Elephant ancestors Moeritherium and Barytherium

This video says about itself:

Finding A Fossil Gompotherium [sic; Gomphotherium] Elephant Tooth Scuba Diving

Here I find a small gompotherium tooth. It was an ancient elephant from the early Miocene.

From Discovery News:

Ancient Mammals Fill Elephant Family Tree

Jennifer Viegas

April 15, 2008 — Fossils of two ancient, extinct mammals are helping piece together the elephant family tree.

Modern elephants and their relatives, which fall into the order Proboscidea, form a diverse clan that includes hyraxes, manatees and dugongs. That group can now be linked to two extinct beasts, known as Barytherium and Moeritherium, which emerged around 50 million years ago.

Surprisingly, they didn’t look much like elephants or their living relatives either.

According to Alexander Liu, lead researcher on a new study of the fossils, Moeritherium was much smaller than today’s elephants and was instead “similar in size and stature to a modern tapir, having a prehensile upper lip rather than a trunk and weighing roughly 250 to 300 kg (551 to 661 pounds).”

Modern elephants, by contrast, can weigh up to 24,000 pounds.

Barytherium, on the other hand, was a little more elephant-like, given its trunk, but was still much smaller than today’s elephants, Liu told Discovery News.

Liu, a researcher in the University of Oxford’s Department of Earth Sciences, along with colleagues Erik Seiffert and Elwyn Simons, reconstructed the habitats and behaviors of the two extinct animals just by analyzing 11 of the beasts’ teeth.

Their findings are published in the latest issue of Proceedings of the National Academy of Sciences.

Their detective work involved studying carbon and oxygen isotopes found in the teeth, which date to 37 million years ago and were excavated at the Birket Qarun Formation in northern Egypt. …

Despite these reservations, Sanders believes the new research “sets a good framework” for additional studies on the elephant family tree. He hopes Liu and his team will study remains from other elephant relatives, such as Phosphatherium and Numidotherium, in the future.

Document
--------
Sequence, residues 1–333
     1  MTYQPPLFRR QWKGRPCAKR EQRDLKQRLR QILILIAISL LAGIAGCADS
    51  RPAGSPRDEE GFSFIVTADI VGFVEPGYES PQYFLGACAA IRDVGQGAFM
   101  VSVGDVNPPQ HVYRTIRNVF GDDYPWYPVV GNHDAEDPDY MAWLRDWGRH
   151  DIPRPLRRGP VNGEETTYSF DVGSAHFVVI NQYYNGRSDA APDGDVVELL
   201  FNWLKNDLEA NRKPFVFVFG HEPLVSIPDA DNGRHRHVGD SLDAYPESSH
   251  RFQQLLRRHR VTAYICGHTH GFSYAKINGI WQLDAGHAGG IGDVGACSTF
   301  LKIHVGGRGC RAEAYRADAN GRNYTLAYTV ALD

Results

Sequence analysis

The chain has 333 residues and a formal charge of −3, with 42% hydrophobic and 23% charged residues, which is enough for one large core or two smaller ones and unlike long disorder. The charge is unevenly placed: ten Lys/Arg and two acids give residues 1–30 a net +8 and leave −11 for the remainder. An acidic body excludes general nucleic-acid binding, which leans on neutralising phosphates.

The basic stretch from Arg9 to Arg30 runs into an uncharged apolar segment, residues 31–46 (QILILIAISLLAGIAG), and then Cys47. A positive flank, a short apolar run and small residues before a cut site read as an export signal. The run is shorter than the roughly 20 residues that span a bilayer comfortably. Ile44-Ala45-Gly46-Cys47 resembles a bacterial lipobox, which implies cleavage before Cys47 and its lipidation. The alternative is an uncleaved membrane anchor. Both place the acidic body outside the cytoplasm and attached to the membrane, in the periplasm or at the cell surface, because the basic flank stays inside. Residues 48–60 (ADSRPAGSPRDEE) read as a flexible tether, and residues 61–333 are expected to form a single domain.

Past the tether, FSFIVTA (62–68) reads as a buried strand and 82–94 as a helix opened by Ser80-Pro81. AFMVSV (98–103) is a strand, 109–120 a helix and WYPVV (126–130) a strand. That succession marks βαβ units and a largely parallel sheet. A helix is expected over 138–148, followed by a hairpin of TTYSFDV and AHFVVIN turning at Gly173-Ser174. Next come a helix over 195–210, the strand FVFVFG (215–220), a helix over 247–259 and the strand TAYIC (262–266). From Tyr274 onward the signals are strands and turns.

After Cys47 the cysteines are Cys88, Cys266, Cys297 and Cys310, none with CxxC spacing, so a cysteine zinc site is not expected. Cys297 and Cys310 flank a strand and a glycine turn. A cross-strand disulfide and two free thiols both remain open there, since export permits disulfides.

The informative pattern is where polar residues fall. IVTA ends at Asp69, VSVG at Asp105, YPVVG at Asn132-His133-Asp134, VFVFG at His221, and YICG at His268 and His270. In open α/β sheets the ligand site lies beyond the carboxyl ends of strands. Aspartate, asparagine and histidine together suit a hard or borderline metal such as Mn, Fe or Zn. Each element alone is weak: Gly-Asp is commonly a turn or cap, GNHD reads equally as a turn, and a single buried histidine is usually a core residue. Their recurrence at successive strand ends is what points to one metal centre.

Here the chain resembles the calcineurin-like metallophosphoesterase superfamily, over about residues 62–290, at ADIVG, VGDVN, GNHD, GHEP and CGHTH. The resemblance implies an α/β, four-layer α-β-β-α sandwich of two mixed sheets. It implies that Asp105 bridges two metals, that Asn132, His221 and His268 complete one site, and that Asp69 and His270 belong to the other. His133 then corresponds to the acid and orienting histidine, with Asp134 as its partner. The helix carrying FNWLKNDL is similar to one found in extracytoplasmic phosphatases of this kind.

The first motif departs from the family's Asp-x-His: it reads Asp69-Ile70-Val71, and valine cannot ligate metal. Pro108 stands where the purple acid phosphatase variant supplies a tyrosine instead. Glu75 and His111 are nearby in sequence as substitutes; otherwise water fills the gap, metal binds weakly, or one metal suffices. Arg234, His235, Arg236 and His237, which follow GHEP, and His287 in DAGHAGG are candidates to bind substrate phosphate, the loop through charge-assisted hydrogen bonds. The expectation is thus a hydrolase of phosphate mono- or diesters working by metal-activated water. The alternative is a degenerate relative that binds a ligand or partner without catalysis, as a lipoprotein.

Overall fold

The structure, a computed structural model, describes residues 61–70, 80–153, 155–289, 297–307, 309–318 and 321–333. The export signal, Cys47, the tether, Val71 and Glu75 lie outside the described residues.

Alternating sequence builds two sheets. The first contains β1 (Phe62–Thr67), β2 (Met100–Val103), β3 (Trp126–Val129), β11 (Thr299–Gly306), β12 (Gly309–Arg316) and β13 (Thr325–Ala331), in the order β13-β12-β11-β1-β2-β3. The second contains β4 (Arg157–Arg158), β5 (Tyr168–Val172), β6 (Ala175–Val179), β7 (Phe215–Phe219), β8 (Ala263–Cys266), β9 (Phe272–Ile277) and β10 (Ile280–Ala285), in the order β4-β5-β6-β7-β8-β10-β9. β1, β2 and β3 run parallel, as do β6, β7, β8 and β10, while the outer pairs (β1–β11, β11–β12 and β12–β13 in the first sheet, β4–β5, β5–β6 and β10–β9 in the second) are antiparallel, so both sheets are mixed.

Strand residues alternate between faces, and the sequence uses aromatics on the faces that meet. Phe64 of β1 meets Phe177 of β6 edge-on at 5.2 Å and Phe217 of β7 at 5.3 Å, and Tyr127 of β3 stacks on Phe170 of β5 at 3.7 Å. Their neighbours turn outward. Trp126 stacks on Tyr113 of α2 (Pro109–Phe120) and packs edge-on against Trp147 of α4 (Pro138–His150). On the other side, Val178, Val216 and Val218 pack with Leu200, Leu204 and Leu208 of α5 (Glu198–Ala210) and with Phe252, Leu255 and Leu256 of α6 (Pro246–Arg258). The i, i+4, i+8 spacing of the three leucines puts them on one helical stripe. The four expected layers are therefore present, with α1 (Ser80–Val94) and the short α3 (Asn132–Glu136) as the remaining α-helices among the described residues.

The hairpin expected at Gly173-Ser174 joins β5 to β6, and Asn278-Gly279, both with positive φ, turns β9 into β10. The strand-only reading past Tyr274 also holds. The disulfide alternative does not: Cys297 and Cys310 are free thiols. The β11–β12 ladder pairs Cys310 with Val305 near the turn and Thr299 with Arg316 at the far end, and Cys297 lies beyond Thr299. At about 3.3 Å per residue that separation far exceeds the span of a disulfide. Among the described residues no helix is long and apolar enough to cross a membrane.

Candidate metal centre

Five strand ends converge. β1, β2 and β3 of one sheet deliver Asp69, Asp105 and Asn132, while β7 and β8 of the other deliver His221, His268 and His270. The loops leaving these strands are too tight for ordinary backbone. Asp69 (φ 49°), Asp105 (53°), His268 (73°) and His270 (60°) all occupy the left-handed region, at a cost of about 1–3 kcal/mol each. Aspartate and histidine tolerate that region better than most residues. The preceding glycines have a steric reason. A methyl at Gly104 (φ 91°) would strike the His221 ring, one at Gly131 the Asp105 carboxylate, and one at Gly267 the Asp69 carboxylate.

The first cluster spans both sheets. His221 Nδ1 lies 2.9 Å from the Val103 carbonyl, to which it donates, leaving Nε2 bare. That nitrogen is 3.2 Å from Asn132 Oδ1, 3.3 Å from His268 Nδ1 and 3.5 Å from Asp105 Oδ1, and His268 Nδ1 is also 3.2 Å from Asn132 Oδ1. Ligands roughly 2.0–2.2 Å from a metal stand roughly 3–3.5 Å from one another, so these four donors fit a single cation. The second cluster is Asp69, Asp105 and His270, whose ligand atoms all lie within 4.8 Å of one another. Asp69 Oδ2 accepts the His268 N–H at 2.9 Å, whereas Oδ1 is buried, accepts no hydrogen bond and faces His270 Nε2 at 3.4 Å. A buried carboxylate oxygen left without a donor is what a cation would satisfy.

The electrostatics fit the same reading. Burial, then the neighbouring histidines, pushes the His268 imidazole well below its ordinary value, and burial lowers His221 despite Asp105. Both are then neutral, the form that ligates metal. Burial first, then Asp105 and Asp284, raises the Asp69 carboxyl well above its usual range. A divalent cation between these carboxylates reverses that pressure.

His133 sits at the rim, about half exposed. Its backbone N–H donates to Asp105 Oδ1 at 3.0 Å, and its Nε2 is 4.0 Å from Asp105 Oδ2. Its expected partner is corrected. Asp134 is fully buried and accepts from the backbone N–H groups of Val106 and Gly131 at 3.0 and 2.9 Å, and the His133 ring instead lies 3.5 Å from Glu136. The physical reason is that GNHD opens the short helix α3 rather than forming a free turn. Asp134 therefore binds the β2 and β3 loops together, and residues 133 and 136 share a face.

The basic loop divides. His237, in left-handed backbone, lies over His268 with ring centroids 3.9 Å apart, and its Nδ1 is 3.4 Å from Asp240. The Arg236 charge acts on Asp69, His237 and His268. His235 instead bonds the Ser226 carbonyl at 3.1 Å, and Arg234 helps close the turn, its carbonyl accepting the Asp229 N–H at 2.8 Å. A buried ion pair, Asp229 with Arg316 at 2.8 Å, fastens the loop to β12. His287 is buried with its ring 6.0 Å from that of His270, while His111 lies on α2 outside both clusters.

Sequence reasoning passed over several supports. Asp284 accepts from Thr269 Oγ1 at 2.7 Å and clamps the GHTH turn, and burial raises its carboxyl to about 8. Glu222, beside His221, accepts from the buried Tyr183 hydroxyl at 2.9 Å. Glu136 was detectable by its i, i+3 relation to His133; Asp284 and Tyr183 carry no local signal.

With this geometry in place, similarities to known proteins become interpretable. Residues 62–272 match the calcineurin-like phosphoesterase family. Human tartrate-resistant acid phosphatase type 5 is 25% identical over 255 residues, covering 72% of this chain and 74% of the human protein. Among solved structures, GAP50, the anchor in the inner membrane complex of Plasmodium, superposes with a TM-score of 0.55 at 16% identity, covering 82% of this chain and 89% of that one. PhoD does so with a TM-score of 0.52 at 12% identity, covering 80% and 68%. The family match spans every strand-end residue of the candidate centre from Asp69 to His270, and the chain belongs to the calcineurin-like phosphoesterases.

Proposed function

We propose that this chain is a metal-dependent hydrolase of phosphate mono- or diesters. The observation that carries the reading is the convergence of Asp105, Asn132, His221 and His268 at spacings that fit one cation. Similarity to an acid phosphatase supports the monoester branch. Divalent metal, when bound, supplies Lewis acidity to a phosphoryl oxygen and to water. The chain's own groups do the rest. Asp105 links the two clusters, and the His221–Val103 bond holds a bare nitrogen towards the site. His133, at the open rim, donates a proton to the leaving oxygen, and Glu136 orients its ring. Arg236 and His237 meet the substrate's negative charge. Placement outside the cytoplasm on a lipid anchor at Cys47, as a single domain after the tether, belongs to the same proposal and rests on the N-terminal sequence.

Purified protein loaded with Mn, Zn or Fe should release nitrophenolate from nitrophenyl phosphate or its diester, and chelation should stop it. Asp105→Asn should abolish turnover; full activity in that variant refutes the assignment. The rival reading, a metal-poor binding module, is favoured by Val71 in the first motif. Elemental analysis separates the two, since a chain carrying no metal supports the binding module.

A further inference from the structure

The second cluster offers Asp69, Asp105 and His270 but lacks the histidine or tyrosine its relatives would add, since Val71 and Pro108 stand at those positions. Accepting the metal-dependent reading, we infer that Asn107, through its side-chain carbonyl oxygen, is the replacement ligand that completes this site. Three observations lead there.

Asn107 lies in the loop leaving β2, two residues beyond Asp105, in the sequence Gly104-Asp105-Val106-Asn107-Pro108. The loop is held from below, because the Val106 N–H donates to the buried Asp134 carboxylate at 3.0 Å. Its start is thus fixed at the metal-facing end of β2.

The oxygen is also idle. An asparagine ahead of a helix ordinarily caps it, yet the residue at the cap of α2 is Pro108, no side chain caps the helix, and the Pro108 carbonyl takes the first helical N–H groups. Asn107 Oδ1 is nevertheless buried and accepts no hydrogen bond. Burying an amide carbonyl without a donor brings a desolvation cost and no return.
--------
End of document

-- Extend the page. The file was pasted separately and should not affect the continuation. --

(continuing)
See also here.

New Proboscideans (Mammalia) from the middle Miocene of Thailand: here.

Miocene Mammals of Oregon: here.

Scientists have found evidence that cavemen near the U.S.-Mexico border were butchering gomphotheres, elephant-like beasts from the Ice Age, that were believed to be nearly extinct in North America by the time humans appeared there: here.

Scientists at the University of Leicester are using an unusual resource to investigate ancient climates – prehistoric animal urine. The animal in question is the rock hyrax, a common species in countries such as Namibia and Botswana. They look like large guinea pigs but are actually related to the elephant. Hyraxes use specific locations as communal toilets, some of which have been used by generations of animals for thousands of years. The urine crystallises and builds up in stratified accumulations known as ‘middens,’ providing a previously untapped resource for studying long-term climate change: here.

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12 thoughts on “Elephant ancestors Moeritherium and Barytherium

  1. Elephants, Once Thought Extinct, Likely Survived

    Vijay Joshi, Associated Press

    April 17, 2008 — Borneo’s pygmy elephants may be descendants of an extinct Javan elephant race, saved by chance by an 18th century ruler, according to a new study released Thursday.

    The study suggests that a small number of opposite-sex elephants can produce a thriving progeny of thousands if left undisturbed on an island, giving fresh hope to conservationists trying to protect nearly extinct species of large mammals.

    “If proven, this fascinating story would demonstrate that very small populations of large mammals can be saved from the brink of extinction (simply by) moving a few individuals, from a seemingly doomed population, to a different and safer habitat,” the study published in the Sarawak Museum Journal says.

    Study co-author Junaidi Payne said the Sultan of Java in Indonesia in the 18th century likely sent some pygmy elephants as gifts to the Sultan of Sulu in the Philippines. The Sultan of Sulu at some point apparently shipped them to Borneo and abandoned them there for unknown reasons.

    “There are a number of historical records of elephants shipped between various places in Asia by rulers as gifts to impress others,” Payne said.

    Borneo pygmy elephants, which are genetically distinct from other subspecies, grow less than about 8 feet compared to about 10 feet in height of Asian ale elephants.

    They also have babyish faces, large ears and longer tails. They are more rotund and less aggressive.

    The pygmy elephants in Java were extinct by the end of the 18th century, but the few that were brought to Borneo thrived, the study found.

    Historically, Borneo never had any elephants and the origins of pygmy elephants — a distinct subspecies of its mainland Asian cousin — remained shrouded in mystery until now.